Sustainability Across Borders – A report from the BSP Camp in Schleswig, 7-11 September, 2022
Report from the international Danish BSP Camp in Schleswig, Germany, 7-11 September 2022
Edited: 19 September, 2022
“Finally we made it. What had been planned for September 2020, happened successfully two years later in September 2022.”
It is Saturday, 10 September 2022, in the evening. Jon Urskov Pedersen, Danish teacher and BSP coordinator, is talking to an audience of approximately 100 teachers and students, gathered in the assembly hall of A. P. Møller-Skolen, or A.P. Møller School, in Schleswig, northern Germany.
A.P. Møller-Skolen is a large Danish school on German territory, a school for the Danish minority in northernmost Germany, situated in Schleswig, not far from the border to Denmark. Here at this school you speak Danish in your lessons and you get easy access to universities in both Germany and Denmark, once you have graduated.
The teachers and students sitting at A.P. Møller-Skolen on this dark September Saturday evening are an international group from Finland, Estonia, Latvia, Poland, Denmark and Germany who have come together for the five-day international UNESCO Baltic Sea Project Camp “Sustainability Across Borders”.
They have lived in tents, they prepared workshops at home and have held them in two sessions during the camp. They have been on excursion, on the waters of Schlei, which is a deep and long bay of the Baltic Sea going back to the Ice Age. They have been to the cathedral in the nearby city of Schleswig, to Schloss Gottorf (Gottorf Castle) and to the old Viking town Haithabu from the Middle Ages, a UNESCO World Heritage site. They have been living, working and having fun together in an international group from countries around the Baltic Sea using their common language English. “English is a foreign language for all of us”, says Camilla Weidinger, working together with Jon as a UNESCO Baltic Sea Project network coordinator in Denmark, “nobody speaks English as a native speaker here, everybody has learnt it as a second language. This unites us and makes us equal, this helps us learning from each other, in all directions.”
And this is what the camp in Schleswig is maybe mostly about. Yes, it has its topics, most of all: the 17 UN Sustainable Development Goals (SDGs), which are a key issue for the 21st century and also for the entire UNESCO Baltic Sea Project, of course they are in focus here. However, the many participants – teachers, students, parents and other interested people working with the UNESCO Baltic Sea Project – as a part of an educational process have experienced that all of us are learners, and all of us can also be teachers. Most workshops were led by students – it was a precondition for all students signing up for the camp earlier this year that they agreed on bringing a workshop. Teachers assisted where necessary, and yes, some workshops were led the traditional way by teachers, but during the camp there were many situations where teachers learned from students, e. g. as participants in a workshop – a great experience for everyone and bringing us together on a level playing field.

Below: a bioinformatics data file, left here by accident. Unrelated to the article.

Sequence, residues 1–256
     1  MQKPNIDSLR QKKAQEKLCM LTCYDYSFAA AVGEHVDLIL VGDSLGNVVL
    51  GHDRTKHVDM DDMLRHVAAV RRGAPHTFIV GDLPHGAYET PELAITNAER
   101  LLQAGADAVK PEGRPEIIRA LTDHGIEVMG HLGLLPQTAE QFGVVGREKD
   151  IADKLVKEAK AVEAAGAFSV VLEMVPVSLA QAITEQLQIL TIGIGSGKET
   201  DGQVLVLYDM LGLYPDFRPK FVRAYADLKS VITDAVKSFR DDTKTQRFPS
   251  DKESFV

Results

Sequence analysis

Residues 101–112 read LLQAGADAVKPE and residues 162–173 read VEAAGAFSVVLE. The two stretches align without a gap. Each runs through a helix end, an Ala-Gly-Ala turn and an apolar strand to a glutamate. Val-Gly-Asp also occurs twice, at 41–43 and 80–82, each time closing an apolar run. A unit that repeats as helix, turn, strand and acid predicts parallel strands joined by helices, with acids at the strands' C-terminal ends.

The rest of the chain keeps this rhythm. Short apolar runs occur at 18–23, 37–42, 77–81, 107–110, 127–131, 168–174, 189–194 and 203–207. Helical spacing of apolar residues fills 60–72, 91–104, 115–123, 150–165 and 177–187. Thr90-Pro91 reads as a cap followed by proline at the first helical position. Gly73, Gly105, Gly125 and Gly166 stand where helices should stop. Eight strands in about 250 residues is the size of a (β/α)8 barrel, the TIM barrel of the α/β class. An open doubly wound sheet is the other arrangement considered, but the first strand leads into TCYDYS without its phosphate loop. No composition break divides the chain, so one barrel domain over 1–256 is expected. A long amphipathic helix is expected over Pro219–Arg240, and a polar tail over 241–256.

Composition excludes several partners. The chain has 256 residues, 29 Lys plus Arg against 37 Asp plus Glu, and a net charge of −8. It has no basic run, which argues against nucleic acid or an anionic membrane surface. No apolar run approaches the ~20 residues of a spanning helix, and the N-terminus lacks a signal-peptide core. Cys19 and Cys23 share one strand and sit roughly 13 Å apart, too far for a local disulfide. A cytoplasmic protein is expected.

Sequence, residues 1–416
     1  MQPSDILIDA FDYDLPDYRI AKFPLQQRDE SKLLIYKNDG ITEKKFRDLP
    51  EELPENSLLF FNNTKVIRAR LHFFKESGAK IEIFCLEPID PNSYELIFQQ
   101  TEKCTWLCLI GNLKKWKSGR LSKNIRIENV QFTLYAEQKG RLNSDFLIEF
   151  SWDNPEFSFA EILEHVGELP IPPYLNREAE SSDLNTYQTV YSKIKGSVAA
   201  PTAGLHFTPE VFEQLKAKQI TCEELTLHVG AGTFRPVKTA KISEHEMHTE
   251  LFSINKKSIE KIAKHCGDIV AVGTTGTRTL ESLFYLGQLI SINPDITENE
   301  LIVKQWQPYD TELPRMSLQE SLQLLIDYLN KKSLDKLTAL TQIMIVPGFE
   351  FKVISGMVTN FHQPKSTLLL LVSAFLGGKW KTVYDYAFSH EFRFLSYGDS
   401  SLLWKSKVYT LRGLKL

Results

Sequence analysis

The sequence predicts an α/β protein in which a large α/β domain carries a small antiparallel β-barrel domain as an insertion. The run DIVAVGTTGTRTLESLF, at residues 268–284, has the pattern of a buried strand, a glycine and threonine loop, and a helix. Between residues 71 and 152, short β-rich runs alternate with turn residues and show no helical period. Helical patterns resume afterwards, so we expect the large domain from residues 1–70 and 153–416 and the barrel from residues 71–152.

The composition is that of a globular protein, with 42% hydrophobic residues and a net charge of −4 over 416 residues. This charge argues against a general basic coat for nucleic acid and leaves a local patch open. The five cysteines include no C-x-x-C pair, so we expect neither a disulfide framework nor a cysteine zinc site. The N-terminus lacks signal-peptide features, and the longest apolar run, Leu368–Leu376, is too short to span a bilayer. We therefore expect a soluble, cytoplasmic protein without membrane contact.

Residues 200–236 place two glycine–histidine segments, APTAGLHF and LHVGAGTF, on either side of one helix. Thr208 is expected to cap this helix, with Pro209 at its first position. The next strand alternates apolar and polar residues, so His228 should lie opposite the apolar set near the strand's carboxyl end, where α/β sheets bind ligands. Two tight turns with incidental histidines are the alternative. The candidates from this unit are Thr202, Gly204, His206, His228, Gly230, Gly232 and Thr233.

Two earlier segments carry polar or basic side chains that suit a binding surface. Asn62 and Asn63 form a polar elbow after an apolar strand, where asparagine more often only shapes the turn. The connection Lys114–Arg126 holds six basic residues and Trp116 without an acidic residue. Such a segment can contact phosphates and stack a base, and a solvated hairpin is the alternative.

Another great experience was escaping from a storm together. When the group returned back home from its Thursday excursion on the Schlei waters right after noon, everyone had to move their belongings from their tents to the gym, a thunderstorm with heavy rain was announced for the next hour, and the hosting school allowed the participants to occupy a part of the gym for the rest of the camp, everybody was grateful about this hospitality. Moreover, it saved the camp.
The BSP has friends. Svend Duggen from A.P. Møller-Skolen is one of them, and a very important one, a teacher and excellent collaborator, he has worked as a camp co-coordinator and camp manager and has kept the camp idea alive at his school since Corona came in spring 2020.
On this Saturday evening in the assembly hall of A.P. Møller-Skolen it was time to say “see you” after all the workshops had presented their work results in front of the large audience. The camp was over, most participants were to leave early next morning.
“See you” rather than saying “farewell” is a tradition that has developed for more than thirty years since the UNESCO Baltic Sea Project was founded in Finland in 1989. In the UNESCO Baltic Sea Project there is always a next camp, a next conference, a next project, a next international workshop, a next digital event somewhere in the nine member countries around the Baltic Sea where we can meet, where we can do great things together, for ourselves and for a sustainable future of the Baltic Sea region. This is what the UNESCO Baltic Sea Project is about, with its programmes, projects, camps, conferences and – most of all – its many interested and committed people.
The Danish camp “Sustainability Across Borders” in a Danish School on German territory has been an excellent example of this.
See you at the next BSP camp?
Martin Jarrath, Germany
The author is, together with Camilla Weidinger and Jon Urskov Pedersen, both from Denmark, a general coordinator of the UNESCO Baltic Sea Project
Newspaper article about the camp in Flensborg Avis, 10 September, 2022 (in Danish language)